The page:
Reasoning with Mechanism Diagrams (Presented at the Society for Philosophy of Science in Practice, Toronto, June 2013)

William Bechtel
Department of Philosophy, Center for Chronobiology, and Interdisciplinary Programs in Cognitive Science and Science Studies
University of California, San Diego

When scientists advance a new model of a mechanism, they often represent the proposed mechanism in a diagram. They take advantage of two dimensions of space and features such as color to represent the identified parts of a mechanism and how they are thought to relate, spatially or functionally, to each other. Often arrows are used to indicate causal interactions whereby the execution of an operation by one part affects another part, although other conversions are occasionally invoked. Diagrams of this sort sometimes appear in research articles, typically as the last figure, and more often in reviews and discussion papers and talks. They are also common in graphical abstracts, a relatively new representational format introduced by some journals. They clearly constitute a major communicative device. But, as I will argue in this paper, they are often tools for reasoning by scientists, not just readers but also the authors themselves. They are not just representations of the proffered explanation, but vehicles that serve to guide further investigation. I will focus on two such ways in which diagrams of mechanisms serve this role: by identifying features of the account not yet worked out and by serving as a foundation for computational modeling.

One clue to the role of mechanism diagrams in reasoning is that a surprising number contain questions marks. I will present examples that illustrated somewhat different uses. Sometimes they simply indicate that the evidence for a given part or operation represented in the diagram is more problematic than for other parts or operations. In other diagrams question marks signal gaps in the understanding of the operations, prompting inquiry into what are possible intermediates that could connect two known operations that are thought to connect to each other. In yet other diagrams alternative components and pathways are marked with question marks to indicate that they are regarded as the possibilities for which evidence is required in order to decide between them. A further indication that these mechanism diagrams are meant to support reasoning is that they sometimes include representations of the phenomenon to be explained.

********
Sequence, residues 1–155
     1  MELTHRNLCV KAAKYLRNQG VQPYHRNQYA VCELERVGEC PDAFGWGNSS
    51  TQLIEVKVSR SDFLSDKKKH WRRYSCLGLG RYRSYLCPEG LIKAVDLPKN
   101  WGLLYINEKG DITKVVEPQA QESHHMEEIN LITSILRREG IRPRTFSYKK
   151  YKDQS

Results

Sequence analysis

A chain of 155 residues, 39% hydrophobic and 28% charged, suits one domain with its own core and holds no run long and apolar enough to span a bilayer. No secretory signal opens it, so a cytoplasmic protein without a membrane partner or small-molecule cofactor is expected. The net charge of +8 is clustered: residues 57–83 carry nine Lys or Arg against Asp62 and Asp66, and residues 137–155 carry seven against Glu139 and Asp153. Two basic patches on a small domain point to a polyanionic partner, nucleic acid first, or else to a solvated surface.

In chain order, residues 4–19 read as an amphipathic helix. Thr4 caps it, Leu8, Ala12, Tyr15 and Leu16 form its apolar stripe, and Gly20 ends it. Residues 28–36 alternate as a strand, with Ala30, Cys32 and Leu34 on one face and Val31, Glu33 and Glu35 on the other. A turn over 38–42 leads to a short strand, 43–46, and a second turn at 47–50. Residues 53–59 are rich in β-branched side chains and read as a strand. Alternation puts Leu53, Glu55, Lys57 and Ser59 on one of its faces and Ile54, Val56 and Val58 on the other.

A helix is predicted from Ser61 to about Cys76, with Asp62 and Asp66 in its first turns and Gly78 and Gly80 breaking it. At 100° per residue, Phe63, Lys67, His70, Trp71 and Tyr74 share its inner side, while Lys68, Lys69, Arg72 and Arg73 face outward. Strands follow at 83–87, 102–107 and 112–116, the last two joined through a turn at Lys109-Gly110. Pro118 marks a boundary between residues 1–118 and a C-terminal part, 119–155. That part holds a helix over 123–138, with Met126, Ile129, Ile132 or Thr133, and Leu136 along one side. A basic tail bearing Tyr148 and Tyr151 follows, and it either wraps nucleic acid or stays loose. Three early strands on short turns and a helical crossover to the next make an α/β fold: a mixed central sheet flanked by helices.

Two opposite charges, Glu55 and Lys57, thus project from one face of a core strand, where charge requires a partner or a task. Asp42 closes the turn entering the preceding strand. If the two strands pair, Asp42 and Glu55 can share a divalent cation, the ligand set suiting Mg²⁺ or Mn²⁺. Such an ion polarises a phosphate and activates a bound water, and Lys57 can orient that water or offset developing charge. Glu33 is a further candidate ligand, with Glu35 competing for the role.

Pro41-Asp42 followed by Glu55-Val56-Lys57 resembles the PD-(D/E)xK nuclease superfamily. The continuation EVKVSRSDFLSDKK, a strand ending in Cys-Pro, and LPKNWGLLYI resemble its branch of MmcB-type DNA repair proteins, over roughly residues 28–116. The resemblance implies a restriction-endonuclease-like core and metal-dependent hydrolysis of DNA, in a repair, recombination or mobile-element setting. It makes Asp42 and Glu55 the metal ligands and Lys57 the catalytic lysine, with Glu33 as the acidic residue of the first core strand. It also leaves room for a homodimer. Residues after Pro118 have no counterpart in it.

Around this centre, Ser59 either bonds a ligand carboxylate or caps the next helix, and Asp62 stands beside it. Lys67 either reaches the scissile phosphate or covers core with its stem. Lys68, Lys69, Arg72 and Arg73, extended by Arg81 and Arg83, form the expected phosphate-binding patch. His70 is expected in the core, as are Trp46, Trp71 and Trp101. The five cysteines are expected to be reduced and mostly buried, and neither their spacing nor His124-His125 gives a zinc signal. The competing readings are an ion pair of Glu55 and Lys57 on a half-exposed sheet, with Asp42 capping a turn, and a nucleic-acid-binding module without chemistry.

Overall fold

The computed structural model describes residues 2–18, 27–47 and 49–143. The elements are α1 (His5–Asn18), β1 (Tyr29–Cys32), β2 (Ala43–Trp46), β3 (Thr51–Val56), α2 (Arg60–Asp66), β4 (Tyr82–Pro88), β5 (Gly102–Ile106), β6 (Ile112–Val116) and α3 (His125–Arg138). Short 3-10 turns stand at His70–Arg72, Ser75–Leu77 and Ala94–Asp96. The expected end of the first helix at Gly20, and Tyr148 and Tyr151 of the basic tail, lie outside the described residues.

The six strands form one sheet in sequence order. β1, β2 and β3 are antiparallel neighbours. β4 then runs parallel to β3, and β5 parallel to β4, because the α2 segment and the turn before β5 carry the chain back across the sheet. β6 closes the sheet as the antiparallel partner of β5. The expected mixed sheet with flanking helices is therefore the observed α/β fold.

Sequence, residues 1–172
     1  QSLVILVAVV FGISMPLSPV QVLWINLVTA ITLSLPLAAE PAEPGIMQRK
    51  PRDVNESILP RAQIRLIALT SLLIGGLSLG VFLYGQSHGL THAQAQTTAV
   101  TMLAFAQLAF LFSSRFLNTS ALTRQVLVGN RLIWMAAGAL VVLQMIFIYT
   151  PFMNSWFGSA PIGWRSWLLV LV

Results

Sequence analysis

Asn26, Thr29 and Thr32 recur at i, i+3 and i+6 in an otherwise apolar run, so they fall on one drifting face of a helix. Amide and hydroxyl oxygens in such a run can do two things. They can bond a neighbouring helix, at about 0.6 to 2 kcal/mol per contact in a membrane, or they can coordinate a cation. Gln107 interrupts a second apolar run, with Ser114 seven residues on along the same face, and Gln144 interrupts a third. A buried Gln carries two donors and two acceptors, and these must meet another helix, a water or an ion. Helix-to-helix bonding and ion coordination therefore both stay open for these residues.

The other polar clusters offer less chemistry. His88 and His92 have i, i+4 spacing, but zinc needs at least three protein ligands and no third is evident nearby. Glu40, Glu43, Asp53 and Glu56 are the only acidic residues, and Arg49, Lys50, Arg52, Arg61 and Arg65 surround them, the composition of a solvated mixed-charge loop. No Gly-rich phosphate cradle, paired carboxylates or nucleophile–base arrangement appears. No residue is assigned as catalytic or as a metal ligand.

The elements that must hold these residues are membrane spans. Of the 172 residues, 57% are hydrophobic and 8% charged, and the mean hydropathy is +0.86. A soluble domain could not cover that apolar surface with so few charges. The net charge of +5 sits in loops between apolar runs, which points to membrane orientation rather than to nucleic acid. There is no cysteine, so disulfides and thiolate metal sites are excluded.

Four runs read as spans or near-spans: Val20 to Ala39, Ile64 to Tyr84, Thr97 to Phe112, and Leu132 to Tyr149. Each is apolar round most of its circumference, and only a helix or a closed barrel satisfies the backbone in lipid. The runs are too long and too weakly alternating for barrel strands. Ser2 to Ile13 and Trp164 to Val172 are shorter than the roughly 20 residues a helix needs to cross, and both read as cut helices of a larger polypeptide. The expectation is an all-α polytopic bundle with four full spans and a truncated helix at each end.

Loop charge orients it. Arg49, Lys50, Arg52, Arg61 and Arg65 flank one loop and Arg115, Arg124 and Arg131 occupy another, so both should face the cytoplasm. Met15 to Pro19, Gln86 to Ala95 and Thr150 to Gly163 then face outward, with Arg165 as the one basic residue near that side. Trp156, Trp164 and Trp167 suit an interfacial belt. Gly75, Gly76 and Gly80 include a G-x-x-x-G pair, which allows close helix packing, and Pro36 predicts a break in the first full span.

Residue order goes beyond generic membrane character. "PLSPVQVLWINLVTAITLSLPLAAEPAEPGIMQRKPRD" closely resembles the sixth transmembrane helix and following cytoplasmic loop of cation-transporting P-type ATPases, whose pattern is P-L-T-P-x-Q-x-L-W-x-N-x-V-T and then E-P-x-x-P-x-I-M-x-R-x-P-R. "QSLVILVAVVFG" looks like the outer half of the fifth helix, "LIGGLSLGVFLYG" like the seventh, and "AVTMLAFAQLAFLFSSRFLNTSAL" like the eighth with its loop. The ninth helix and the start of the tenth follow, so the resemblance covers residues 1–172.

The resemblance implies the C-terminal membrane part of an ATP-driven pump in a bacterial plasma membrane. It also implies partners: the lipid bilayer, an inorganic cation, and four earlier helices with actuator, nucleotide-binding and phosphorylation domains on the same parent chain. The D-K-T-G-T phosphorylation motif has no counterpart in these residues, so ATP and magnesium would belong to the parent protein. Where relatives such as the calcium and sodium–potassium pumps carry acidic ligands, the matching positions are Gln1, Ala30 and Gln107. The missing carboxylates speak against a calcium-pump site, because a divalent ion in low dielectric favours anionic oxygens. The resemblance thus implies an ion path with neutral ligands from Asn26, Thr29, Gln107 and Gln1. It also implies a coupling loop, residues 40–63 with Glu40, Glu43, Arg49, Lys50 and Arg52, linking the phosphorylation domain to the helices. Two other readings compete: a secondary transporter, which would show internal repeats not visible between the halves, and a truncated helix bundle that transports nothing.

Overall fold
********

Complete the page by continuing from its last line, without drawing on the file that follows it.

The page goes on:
A second way diagrams foster reasoning and thinking about mechanisms is by providing the basis for computational modeling in terms of systems of differential equations. Such modeling requires transforming a representation of the parts and operations in the mechanism into identifying variables and parameters that then are incorporated into equations. This is often worked out on diagrams of the parts and operations. Although some computational models attempt to incorporate all parts and operations, many are based on selective or partial models that are employed to try to relate different components of the mechanism to different features of the phenomenon and diagrams often serve to identify the components to be included or excluded in the computational model. Finally, I will examine diagrams develop to depict the behavior of the model, showing how it links up to the phenomenon to be explained.